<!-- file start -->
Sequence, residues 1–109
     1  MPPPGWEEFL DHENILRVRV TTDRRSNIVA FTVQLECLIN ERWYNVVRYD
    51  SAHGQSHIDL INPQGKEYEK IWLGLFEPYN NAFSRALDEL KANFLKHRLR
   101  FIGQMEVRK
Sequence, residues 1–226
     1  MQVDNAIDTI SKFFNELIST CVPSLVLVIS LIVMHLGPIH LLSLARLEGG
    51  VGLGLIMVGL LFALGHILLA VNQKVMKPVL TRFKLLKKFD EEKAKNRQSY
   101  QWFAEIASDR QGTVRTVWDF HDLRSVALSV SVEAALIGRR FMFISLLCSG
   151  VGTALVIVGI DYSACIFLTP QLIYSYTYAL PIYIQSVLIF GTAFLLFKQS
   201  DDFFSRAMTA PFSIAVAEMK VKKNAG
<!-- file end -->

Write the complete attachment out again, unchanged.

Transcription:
Sequence, residues 1–109
     1  MPPPGWEEFL DHENILRVRV TTDRRSNIVA FTVQLECLIN ERWYNVVRYD
    51  SAHGQSHIDL INPQGKEYEK IWLGLFEPYN NAFSRALDEL KANFLKHRLR
   101  FIGQMEVRK
Sequence, residues 1–226
     1  MQVDNAIDTI SKFFNELIST CVPSLVLVIS LIVMHLGPIH LLSLARLEGG
    51  VGLGLIMVGL LFALGHILLA VNQKVMKPVL TRFKLLKKFD EEKAKNRQSY
   101  QWFAEIASDR QGTVRTVWDF HDLRSVALSV SVEAALIGRR FMFISLLCSG
   151  VGTALVIVGI DYSACIFLTP QLIYSYTYAL PIYIQSVLIF GTAFLLFKQS
   201  DDFFSRAMTA PFSIAVAEMK VKKNAG